EBS_VOLUME_SIZE_GB Text The total size of the EBS volume to create. (ex: 10)

 

Show the New EBS Volume
You can run a "df -h" command and it will show the new EBS Volume, formatted, mounted and available for use.

df -h         # Shows an appropriately sized volume mounted on /mnt/mysql

 

Restart the MySQL daemon

Copy MySQL from the LVM disk to the EBS volume and restart the MySQL daemon.

mv /mnt/mysql-backup/* /mnt/mysql/       # Move the mysql directory to a "backup" version
chown -R mysql:mysql /mnt/mysql          # Set the ownership and group
service mysqld start                     # Restart mysql on CentOS. Use "service mysql start" for Ubuntu

 

Bring the data into the server and populate the database

Use the SSH Console to SSH into the Master-DB and manually apply your *.sql dump file. See the sample code below.

  • s3bucket - the name of the S3 bucket that contains the MySQL dump file  (*.gz)
  • DUMPFILE - the MySQL database filename (*.sql)
  • DBSCHEMA - the name of the MySQL database
wget http://s3bucket.s3.amazonaws.com/DUMPFILE.gz

gunzip DUMPFILE.gz

mysqladmin -u root create DBSCHEMA

mysql -u root DBSCHEMA < DUMPFILE

Tips: 

  • Your dump file must be publicly readable to download it to your EBS volume via the wget command above.  If you get "Permission denied" messages, browse to your S3 bucket and change the permissions to "pub read" for the download.  You can change them back to "private" once downloaded if you are concerned about the permission state of your backup in your S3 bucket.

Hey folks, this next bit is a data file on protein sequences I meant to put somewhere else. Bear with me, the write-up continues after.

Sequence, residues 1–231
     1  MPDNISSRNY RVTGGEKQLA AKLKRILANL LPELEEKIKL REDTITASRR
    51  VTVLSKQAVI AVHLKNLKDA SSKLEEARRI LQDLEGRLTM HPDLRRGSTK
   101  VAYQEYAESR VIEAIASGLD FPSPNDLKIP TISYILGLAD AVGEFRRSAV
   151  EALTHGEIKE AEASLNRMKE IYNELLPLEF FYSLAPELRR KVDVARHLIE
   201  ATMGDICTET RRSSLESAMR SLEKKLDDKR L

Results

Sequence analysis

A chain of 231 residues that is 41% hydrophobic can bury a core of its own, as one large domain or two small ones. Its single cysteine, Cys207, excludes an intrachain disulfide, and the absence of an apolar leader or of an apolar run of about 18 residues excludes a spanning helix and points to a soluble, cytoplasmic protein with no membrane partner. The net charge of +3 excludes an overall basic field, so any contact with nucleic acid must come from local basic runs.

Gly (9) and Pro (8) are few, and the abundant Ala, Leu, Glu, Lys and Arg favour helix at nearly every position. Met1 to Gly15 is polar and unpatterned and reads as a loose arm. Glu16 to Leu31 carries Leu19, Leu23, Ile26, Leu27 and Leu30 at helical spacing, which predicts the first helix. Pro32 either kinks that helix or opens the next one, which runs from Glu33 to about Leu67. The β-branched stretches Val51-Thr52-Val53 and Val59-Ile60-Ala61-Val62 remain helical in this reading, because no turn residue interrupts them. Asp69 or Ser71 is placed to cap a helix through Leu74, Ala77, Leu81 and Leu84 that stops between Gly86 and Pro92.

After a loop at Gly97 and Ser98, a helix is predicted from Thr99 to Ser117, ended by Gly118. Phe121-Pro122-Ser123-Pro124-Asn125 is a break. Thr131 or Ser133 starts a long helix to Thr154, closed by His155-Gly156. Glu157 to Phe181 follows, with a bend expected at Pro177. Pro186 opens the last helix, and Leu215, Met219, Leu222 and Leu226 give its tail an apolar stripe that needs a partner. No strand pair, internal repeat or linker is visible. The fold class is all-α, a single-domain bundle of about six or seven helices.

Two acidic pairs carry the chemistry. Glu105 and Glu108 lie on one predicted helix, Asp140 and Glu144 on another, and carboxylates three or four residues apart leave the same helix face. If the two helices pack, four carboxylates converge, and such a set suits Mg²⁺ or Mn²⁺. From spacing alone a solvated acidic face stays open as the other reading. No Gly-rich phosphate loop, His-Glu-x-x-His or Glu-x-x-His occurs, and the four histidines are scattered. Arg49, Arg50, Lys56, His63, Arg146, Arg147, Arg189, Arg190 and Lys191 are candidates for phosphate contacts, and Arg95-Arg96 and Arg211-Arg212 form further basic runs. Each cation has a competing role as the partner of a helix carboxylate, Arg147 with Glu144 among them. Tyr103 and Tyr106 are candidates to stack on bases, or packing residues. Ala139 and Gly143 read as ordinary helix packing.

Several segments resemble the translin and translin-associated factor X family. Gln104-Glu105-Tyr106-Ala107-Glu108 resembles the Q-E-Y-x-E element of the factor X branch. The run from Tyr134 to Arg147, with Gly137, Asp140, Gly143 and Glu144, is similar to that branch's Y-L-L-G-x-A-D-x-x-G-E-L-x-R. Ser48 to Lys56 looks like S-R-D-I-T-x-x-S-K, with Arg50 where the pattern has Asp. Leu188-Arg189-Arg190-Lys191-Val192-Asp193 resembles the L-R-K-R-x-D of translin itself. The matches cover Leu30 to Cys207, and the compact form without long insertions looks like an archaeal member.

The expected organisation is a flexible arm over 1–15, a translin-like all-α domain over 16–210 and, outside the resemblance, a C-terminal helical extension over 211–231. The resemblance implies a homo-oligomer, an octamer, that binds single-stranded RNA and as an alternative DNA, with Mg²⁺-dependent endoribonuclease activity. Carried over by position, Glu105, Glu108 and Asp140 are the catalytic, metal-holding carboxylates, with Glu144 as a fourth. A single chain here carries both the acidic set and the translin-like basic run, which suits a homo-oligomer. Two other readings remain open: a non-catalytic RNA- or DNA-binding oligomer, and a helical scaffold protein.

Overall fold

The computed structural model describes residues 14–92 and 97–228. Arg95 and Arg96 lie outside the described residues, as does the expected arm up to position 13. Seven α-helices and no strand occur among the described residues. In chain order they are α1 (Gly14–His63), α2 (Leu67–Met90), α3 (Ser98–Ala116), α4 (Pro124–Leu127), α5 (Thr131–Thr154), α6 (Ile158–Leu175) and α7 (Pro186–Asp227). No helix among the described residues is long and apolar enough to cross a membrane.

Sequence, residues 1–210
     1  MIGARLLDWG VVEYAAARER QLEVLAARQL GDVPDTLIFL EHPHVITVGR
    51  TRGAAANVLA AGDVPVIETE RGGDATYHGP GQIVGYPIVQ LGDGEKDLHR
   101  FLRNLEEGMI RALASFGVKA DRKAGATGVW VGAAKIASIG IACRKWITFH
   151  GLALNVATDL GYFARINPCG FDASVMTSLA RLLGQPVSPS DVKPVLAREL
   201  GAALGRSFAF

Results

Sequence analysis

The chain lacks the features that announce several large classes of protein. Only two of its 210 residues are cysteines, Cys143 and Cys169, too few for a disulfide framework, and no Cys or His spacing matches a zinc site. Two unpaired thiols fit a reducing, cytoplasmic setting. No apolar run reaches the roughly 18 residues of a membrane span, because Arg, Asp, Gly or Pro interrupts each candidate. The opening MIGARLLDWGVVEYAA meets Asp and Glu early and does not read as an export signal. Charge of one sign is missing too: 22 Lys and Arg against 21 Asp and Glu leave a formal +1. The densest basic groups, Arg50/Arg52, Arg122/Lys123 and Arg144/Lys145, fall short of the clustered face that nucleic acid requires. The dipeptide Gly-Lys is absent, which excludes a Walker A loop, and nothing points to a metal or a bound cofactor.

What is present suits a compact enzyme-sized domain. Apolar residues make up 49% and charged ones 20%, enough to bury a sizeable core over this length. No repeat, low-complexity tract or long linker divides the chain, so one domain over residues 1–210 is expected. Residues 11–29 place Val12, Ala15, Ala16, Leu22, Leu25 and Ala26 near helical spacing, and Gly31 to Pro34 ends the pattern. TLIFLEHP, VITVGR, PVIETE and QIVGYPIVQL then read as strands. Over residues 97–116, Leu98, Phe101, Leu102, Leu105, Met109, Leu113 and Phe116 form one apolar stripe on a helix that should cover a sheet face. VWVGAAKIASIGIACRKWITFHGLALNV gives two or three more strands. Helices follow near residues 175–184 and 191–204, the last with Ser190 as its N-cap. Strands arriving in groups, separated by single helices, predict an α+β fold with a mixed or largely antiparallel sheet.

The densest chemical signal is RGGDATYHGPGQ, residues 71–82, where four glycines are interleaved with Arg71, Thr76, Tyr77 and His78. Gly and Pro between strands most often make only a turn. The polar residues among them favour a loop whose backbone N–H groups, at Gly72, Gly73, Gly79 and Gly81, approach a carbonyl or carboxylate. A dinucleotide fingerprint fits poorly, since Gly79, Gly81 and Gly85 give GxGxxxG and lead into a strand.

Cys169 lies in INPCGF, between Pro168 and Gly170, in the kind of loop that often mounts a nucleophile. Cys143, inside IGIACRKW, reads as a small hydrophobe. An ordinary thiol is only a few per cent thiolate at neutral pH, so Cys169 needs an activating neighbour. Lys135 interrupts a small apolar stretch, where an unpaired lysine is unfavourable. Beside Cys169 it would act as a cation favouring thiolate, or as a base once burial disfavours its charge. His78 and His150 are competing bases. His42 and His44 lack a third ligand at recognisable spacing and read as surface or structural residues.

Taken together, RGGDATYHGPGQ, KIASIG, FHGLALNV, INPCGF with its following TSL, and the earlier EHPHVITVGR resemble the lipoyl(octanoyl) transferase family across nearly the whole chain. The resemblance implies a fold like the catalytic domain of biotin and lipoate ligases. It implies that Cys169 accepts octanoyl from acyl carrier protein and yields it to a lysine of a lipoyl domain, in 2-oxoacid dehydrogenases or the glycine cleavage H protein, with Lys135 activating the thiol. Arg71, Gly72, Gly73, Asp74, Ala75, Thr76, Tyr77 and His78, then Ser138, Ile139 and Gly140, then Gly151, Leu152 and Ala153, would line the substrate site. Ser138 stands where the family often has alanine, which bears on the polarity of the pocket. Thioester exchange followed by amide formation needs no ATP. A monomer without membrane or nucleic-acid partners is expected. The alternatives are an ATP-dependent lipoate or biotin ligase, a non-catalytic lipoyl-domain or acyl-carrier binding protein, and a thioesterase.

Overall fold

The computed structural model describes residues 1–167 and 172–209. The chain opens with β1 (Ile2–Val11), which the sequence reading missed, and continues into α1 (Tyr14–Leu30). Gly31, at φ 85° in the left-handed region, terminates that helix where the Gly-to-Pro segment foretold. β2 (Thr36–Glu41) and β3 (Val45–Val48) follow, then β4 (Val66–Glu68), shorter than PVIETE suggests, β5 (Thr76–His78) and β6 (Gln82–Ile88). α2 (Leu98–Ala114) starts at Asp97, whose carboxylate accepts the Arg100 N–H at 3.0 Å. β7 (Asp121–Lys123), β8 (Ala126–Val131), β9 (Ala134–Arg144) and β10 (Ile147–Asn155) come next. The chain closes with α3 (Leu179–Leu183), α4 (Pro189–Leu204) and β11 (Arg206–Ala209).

• If you don't recall your DBSCHEMA name, try this simple command:  grep -i database <DUMPFILE>

Set Application Permissions

Once you've applied your MySQL database, you should now set the application password.  The application password must NOT be root or a db-admin user.  You only need to do this once because the values will be stored in the database and will be available to the next Master-DB that pulls from the EBS snapshot.

The following script shows how you can permit full read/write permissions to all databases for a particular user. You may want to customize this script depending on your specific needs. Be sure to replace the default "user" and "password" values with your own information.

#!/bin/bash -e
# Copyright (c) 2007 by RightScale Inc., all rights reserved

#Set your Application username and password here
DBAPPLICATION_USER=user
DBAPPLICATION_PASSWORD=password

# Enable remote administration
echo 'GRANT ALL PRIVILEGES on *.* TO '\'$DBAPPLICATION_USER\''@'\''%'\'' IDENTIFIED BY '\'$DBAPPLICATION_PASSWORD\'' ;' | mysql -u root
echo 'GRANT ALL PRIVILEGES on *.* TO '\'$DBAPPLICATION_USER\''@'\''localhost'\'' IDENTIFIED BY '\'$DBAPPLICATION_PASSWORD\'' ;' | mysql -u root
echo 'REVOKE SUPER on *.* FROM '\'$DBAPPLICATION_USER\''@'\''%'\'' IDENTIFIED BY '\'$DBAPPLICATION_PASSWORD\'' ;' | mysql -u root
echo 'REVOKE SUPER on *.* FROM '\'$DBAPPLICATION_USER\''@'\''localhost'\'' IDENTIFIED BY '\'$DBAPPLICATION_PASSWORD\'' ;' | mysql -u root
echo "FLUSH PRIVILEGES;" | mysql -u root

Note: Data replication between the Master and Slave database servers cannot occur if the replication user is not defined in your database.  See Create Credentials for Common Inputs.